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Real-time DB system runs on Linux

Application development managers reviewing their options for real-time event processing are often taken aback by the cost of very fast processing, as well as the complexity of development.

Even as memory prices decline, they regularly have to ask end users: "How 'real-time' does this real-time application really have to be?"

TimesTen may have these issues in mind today as it rolls out Version 5.0 of its real-time event processing system. The product supports servers based on Intel's Itanium2 processor running the RedHat Linux operating system, a move that clearly could cut the cost of real-time implementations. To ease complexity, the system's Oracle Connect facility now supports transparent pass-through of SQL requests to Oracle databases.

TimesTen's system grew up from an HP Lab project that resulted in an ultra-fast in-memory database. Spun-off and incorporated in 1996, TimesTen began shipping product in 1998, and has found a niche in the telecomm and financial markets. It hopes to broaden its base as real-time processing gains interest beyond these two markets. To this end, the company adds elements that position its offering as more of an infrastructure play.

"We did not want to be known as a database company or as an in-memory database company," said Tim Shetler, VP, marketing at TimesTen.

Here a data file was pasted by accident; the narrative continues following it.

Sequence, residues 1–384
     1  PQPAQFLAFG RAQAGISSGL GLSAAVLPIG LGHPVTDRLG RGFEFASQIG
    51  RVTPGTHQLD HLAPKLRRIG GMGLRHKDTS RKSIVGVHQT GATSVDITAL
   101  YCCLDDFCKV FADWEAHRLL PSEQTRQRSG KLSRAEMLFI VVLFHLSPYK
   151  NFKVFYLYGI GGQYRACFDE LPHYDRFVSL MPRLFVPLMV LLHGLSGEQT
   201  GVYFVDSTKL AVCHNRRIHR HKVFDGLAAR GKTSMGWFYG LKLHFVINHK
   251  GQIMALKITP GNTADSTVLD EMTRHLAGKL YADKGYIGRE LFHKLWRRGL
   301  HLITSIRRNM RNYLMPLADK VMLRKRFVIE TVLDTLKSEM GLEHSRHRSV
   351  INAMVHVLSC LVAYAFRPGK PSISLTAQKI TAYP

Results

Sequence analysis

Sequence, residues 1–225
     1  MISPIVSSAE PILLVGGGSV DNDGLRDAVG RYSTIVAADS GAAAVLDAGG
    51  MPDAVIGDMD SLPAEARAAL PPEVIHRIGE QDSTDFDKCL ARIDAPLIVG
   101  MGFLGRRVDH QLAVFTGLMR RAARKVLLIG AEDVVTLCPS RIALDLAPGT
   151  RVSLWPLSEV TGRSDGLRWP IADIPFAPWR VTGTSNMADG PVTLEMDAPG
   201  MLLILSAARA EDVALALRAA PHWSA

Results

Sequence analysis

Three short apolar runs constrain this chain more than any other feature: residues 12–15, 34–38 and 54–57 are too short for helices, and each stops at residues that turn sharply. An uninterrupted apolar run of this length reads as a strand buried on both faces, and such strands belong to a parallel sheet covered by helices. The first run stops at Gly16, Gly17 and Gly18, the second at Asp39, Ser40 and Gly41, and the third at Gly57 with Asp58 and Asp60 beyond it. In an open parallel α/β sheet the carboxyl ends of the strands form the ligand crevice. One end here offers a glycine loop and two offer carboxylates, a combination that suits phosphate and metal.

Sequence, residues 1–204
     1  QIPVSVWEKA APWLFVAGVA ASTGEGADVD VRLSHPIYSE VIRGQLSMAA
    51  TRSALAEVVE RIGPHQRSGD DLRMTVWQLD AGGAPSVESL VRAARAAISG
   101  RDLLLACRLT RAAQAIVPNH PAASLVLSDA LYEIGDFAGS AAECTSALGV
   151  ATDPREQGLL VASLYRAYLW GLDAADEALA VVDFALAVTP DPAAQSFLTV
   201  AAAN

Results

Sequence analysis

Associating high cost with in-memory data is simplistic, he suggests. "Our message is about price/performance. We do better leveraging the fact that data is all in memory and, as a result, we use different indexes and [data] structures that shrink overhead. Instead of using 16 CPUs as with conventional data managers, we can do it on TimesTen with four CPUs," Shetler said.

Oracle DB support is further improved in Version 5.0 with system-managed cache groups. Moreover, a non-blocking data-lock model replaces a versioning model for the system. This leads to more even response time in real-time environments where tolerances are tight, Shetler said.

TimesTen's Shetler echoes industry sentiment that support for Intel and Linux is growing. "We are seeing a surge in Intel in the financial [server] space. And it is running Linux, not Windows," he added.

About the Author

Jack Vaughan is former Editor-at-Large at Application Development Trends magazine.

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